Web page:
How far have Physicians fallen in prestige and autonomy? The solo practitioner has been long gone and only few remain. Physicians now are workers on a production line. They have regulated hours of operation, must evaluate a set number of patients per hour, have no control over staff hires and fires, and most importantly still must fight for patient rights with 3rd party payers. How has this occurred? The simple answer is that we are trained to evaluate and treat individuals seeking help with their problems. The administrative activities of a practice such as hiring staff, billing and collections, and meeting payrolls were never formally introduced into our educational experience. These administrative activities are necessary to sustain a practice, but they require extra time and effort for a busy practitioner.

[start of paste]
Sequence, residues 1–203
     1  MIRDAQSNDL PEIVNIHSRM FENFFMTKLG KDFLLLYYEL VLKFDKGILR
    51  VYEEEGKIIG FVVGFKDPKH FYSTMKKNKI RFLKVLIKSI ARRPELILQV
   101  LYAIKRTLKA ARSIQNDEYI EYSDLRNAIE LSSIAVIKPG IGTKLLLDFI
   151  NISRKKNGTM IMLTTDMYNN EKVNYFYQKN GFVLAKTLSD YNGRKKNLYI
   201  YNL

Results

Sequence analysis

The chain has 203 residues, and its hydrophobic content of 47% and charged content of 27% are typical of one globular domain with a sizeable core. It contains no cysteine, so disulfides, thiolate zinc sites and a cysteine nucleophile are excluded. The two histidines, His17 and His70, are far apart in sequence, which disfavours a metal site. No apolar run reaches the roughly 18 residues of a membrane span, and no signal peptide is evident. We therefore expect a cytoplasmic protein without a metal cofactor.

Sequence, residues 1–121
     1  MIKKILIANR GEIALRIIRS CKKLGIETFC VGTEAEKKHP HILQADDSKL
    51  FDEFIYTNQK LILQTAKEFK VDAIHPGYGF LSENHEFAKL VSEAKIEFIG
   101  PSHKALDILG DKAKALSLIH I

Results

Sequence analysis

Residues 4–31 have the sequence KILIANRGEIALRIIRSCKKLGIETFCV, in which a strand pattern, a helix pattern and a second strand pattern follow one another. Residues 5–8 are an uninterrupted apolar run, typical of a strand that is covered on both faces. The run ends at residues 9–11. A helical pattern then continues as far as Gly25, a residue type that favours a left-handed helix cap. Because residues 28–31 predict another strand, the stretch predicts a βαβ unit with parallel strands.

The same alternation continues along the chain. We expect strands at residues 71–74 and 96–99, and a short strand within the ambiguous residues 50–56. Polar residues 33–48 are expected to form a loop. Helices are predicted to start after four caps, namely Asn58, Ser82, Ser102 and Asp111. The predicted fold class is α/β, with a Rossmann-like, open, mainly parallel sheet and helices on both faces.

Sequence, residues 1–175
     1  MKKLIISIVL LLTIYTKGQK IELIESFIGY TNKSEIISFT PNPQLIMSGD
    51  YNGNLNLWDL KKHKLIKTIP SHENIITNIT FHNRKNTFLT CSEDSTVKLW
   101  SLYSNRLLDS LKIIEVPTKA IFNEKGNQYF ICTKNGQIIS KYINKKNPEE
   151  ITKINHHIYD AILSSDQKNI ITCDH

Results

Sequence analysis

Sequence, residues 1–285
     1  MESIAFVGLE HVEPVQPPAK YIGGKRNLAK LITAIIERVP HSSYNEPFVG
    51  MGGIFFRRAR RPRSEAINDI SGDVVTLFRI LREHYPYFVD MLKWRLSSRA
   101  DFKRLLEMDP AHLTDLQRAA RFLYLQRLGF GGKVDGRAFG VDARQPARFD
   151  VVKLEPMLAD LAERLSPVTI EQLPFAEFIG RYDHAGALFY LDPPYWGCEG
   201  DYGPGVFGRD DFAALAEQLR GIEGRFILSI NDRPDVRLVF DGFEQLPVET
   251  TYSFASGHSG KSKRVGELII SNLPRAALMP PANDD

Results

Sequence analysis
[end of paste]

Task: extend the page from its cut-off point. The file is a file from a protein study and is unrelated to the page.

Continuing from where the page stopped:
Physicians have been faced with increasing overhead costs for staff and facilities. Finding individuals with the expertise and time to manage these issues was addressed by the commitment of hospitals to take over these administrative chores. Hospitals acquired Practitioners who would be willing to have these administrative functions managed for them. Usually, the hospital system’s motive was to capture market share and control patient referrals for hospital services, building an “integrated network” where all revenue could be kept “in-house”. The Physician would now be salaried but continue to serve the patients in their practice and seek new patients. Initially there were problems in this area as Physicians saw that his/her income was set without any incentive and their work productivity declined. To increase physician productivity many hospitals began reimbursing physicians based on productivity as measured by RVU’s (relative value units) or by paying physicians a percentage of their collections.